Table 1 Baseline Characteristics of the Training Cohort and Validation Cohort

Predictors of Recurrence in EC by Cox Regression Analysis

We used univariate Cox regression analysis to analyze the clinicopathological factors and four immunohistochemical markers (Ki67, ER, PR, and p53) which might affect the recurrence of EC (Table 2). Factors with P>0.05 were excluded from multivariate analysis, including age (P=0.109), BMI (P=0.653), hypertension (P=0.664), diabetes (P=0.291), and lymphadenectomy (P=0.629). Factors with P<0.05, including FIGO stage, histological type and grade, myometrial invasion, cervical stromal invasion, adjuvant treatment, and all four immunohistochemical markers, were further included in the multivariate Cox regression. Finally, four factors with P<0.05 in multivariate regression analysis were recruited for modeling: FIGO stage, histological type, ER, and p53.

Table 2 Univariate and Multivariate Analyses of Factors Predicting Endometrial Cancer Recurrence in the Training Cohort

Nomogram-Model Establishment and Evaluation

A nomogram model was established (Figure 1) to calculate RFS in a more convenient and precise manner. The score of each predicting factor wasassigned to the first “Points” line, and then total points were added and assigned to 1-, 3-, and 5-year RFS. Calibration curves in both data sets showed good fitness between predictions and our data (Figure 2). In the comparison among different prediction models, discriminatory power demonstrated by C-index of our proposed model was 0.88 (95% CI 0.84–0.92) in the training cohort and 0.79 (95% CI 0.66–0.92) in the validation cohort (Table 3).

Table 3 The Discriminatory Power (C-Index) for Recurrence-Free Survival in the Training Cohort and Validation Cohort

Figure 1 Nomogram model for estimating the rate of recurrence-free survival (1, 3, or 5 years) for women with FIGO stage I–III endometrial cancer. Notes: To estimate recurrence risk, calculate points for each variable by drawing a straight line from patient-variable value from the second to the fifth to the first line, labeled “Points”. Sum all points, and draw a straight line from the sixth to the eighth to the tenth line to get 1-, 3-, and 5-year recurrence-free survival rates.

Figure 2 (A) Calibration curve for internal validation of the nomogram model for predicting RFS in EC; (B) calibration curve for external validation of the nomogram model for predicting RFS in EC. Notes: (A, B) Blue dotted line, reference; solid red line, prediction curve given by the model.

Optimal Threshold of Nomogram

The optimal threshold of 3-year RFS in this model was 0.83, determined by ROC curve with area under the curve 0.899 (95% CI 0.852–0.946), sensitivity 80.9%, and specificity 87.0%. Based on the optimal threshold, patients in the validation cohort with 3-year RFS >0.83 were defined as the high-RFS group and low-RFS group. In the high-RFS group, median follow-up and initial time of EC recurrence were 35 (range 7–67) and 23 (range 10–47) months, while for the low-RFS group these were 36 (range 7–63) and 11 (range 2–42) months, respectively. The 3-year RFS rates for the high-RFS group and low-RFS group were 96.6% (95% CI 92.7%–100%) and 57.4% (95% CI 40.5%–74.3%, P<0.001; Figure 3A). The 3-year overall survival rates of the high-RFS group and low-RFS group were 97.6% (95% CI 94.3%–100%) and 69.9% (95% CI 54.2%–85.6%, P<0.001; Figure 3B).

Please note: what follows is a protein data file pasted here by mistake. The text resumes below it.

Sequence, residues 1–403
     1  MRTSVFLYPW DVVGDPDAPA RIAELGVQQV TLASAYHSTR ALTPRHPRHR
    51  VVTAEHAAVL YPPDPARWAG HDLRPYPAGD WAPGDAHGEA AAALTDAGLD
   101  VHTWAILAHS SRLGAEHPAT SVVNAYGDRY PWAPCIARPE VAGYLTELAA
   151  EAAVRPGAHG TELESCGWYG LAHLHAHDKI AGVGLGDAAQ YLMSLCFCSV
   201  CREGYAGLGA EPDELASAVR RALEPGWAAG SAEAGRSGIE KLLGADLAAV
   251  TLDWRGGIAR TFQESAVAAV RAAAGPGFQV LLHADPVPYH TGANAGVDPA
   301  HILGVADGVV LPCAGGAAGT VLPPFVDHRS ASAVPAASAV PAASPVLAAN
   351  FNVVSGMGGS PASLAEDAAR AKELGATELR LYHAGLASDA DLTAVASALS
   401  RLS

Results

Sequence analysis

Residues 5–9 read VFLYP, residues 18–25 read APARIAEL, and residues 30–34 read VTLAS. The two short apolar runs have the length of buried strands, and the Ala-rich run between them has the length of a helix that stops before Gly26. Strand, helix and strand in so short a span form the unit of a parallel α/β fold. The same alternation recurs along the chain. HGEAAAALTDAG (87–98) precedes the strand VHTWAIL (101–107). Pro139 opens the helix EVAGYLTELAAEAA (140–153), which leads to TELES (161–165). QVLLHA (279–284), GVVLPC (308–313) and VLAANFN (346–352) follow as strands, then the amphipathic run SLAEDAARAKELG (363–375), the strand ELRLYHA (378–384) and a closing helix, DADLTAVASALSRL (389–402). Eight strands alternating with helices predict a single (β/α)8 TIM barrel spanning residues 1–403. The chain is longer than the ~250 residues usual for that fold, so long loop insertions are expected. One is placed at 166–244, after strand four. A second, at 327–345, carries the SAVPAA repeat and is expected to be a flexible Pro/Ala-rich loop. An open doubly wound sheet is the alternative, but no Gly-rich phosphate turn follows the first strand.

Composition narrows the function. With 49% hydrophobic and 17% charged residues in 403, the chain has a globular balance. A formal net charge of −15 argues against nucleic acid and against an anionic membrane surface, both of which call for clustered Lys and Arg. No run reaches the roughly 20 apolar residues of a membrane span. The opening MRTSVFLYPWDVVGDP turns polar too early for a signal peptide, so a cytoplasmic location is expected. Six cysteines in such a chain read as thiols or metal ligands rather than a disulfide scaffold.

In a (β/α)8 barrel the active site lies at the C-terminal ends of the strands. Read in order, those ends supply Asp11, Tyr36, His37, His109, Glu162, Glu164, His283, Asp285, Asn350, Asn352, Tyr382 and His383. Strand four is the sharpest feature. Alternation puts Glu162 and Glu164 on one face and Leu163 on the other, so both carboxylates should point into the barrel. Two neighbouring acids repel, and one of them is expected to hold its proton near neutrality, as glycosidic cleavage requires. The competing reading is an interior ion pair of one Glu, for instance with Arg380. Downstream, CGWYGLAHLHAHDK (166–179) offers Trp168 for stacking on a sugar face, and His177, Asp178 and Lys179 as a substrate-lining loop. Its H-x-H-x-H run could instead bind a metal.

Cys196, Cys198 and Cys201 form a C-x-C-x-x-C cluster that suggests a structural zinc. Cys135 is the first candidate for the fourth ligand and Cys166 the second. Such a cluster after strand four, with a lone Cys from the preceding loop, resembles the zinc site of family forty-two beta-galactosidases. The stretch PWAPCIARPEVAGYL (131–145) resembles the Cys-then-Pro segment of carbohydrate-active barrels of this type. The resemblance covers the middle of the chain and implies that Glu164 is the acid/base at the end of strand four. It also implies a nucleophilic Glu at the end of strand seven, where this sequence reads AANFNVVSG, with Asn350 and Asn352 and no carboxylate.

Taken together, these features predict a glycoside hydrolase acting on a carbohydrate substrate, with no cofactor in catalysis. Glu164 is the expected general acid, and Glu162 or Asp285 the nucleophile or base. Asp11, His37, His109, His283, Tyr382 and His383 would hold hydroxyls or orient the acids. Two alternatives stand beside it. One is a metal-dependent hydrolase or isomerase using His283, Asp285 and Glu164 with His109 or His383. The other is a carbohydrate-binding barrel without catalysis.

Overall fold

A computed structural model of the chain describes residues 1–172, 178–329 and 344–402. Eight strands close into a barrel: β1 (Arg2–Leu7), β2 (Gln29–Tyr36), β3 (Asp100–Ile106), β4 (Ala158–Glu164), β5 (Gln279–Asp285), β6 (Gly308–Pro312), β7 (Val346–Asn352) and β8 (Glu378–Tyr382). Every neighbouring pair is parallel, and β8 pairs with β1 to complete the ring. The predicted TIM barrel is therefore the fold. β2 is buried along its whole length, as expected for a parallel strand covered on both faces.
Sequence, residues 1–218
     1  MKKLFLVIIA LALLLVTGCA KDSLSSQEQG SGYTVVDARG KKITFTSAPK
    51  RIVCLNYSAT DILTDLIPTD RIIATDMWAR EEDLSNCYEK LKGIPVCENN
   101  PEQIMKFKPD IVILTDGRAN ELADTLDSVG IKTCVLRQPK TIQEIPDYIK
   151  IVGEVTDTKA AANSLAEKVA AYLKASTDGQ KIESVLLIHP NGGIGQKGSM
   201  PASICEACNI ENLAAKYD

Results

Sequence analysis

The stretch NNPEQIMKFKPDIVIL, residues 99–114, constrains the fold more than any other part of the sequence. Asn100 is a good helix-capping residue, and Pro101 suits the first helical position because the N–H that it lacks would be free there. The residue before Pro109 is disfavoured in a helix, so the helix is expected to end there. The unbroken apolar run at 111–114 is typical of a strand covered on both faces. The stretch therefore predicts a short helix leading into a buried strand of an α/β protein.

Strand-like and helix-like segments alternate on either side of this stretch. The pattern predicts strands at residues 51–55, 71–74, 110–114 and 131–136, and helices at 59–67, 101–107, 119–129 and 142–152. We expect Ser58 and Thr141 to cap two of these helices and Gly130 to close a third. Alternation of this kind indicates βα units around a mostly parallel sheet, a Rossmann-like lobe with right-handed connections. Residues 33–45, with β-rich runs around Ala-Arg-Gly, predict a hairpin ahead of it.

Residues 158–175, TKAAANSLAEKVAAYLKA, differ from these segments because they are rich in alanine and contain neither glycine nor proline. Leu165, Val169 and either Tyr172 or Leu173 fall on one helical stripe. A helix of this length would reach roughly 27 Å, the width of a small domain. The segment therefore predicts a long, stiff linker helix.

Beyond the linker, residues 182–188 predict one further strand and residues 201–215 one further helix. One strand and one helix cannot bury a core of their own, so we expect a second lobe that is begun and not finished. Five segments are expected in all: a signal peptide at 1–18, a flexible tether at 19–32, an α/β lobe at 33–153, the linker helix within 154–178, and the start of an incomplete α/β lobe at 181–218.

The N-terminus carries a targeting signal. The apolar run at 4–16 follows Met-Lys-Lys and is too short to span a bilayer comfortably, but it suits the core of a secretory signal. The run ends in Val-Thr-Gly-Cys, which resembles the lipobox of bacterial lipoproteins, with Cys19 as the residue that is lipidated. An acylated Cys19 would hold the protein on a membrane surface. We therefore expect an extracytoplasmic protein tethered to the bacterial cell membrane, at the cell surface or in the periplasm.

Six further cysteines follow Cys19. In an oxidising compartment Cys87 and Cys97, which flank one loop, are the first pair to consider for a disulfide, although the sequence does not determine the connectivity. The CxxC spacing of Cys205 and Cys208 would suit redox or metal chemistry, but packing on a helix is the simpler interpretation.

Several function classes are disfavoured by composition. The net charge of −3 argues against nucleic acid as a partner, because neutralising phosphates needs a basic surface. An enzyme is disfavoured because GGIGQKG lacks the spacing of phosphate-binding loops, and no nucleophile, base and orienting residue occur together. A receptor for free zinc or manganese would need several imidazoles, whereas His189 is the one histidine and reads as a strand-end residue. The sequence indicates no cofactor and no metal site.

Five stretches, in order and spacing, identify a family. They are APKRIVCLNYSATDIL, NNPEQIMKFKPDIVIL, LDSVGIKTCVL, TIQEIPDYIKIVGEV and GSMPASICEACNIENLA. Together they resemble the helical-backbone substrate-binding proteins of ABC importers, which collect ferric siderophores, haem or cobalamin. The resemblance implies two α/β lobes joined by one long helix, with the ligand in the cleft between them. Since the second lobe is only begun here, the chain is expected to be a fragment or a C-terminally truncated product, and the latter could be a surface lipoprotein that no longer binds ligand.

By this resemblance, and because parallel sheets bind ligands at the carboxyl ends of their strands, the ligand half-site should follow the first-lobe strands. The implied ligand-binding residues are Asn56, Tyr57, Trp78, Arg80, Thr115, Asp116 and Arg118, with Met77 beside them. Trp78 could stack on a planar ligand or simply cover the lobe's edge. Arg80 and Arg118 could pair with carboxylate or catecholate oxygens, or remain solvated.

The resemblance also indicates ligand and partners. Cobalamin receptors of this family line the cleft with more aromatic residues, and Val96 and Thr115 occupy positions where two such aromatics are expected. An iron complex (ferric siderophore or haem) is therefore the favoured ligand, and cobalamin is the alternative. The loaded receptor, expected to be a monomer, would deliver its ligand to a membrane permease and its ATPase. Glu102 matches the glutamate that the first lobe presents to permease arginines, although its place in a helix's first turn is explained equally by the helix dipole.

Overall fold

Figure 3 (A) Recurrence-free survival according to nomogram optimal threshold; (B) overall survival according to nomogram optimal threshold. Notes: (A, B) Dotted line, recurrence-free survival or overall survival for low-RFS group patients in validation cohort; solid line, recurrence-free survival or overall survival for high-RFS group patients in validation cohort.


In this study, four immunohistochemical markers (Ki67, ER, PR, and p53) were analyzed, which are also commonly used in clinical practice, and two (ER and p53) were included in the model. Using this nomogram model, the postoperative recurrence of each EC patient with FIGO stages I–III was able to be predicted in a more precise and convenient manner. Firstly, including immunohistochemical markers in this model increased the discrimination of recurrence risk among EC patients. It has been demonstrated by the internal and external calibration (Figure 2) and the comparison among different models (Table 3) that this proposed model had the highest prediction accuracy and consistency compared to traditional models or immunohistochemical markers only. Secondly, the use a nomogram makes this model a convenient tool for clinical use. For example, if a patient had FIGO stage II (42 points), histological type I (0 points), ER 20% (+, 80 points), and P53 70% (+, 40 points), she would get a total score of 162 points, corresponding to a 3-year RFS rate of 70% (recurrence probability in three years is 30%). As such, this proposed model can explain the abstract concept of postoperative recurrence in quantitative form instead of a simple conclusion, as “high risk” or “low risk”, for recurrence based on several predictors. Furthermore, the results showed that both RFS and overall survival of the low-RFS group were much lower than the high-RFS group. Therefore, the model was able to stratify EC patients according to risk of recurrence, and it also suggested that the postoperative management of the low-RFS group should have more attention to it: for patients who would receive postoperative adjuvant treatment (chemotherapy and/or radiotherapy), cycles of postoperative adjuvant therapy should be increased appropriately compared with the original basis, and follow-up of them should be closer, while for some early low-risk EC patients who would not receive adjuvant therapy after surgery, the appropriate postoperative adjuvant treatment still might be necessary.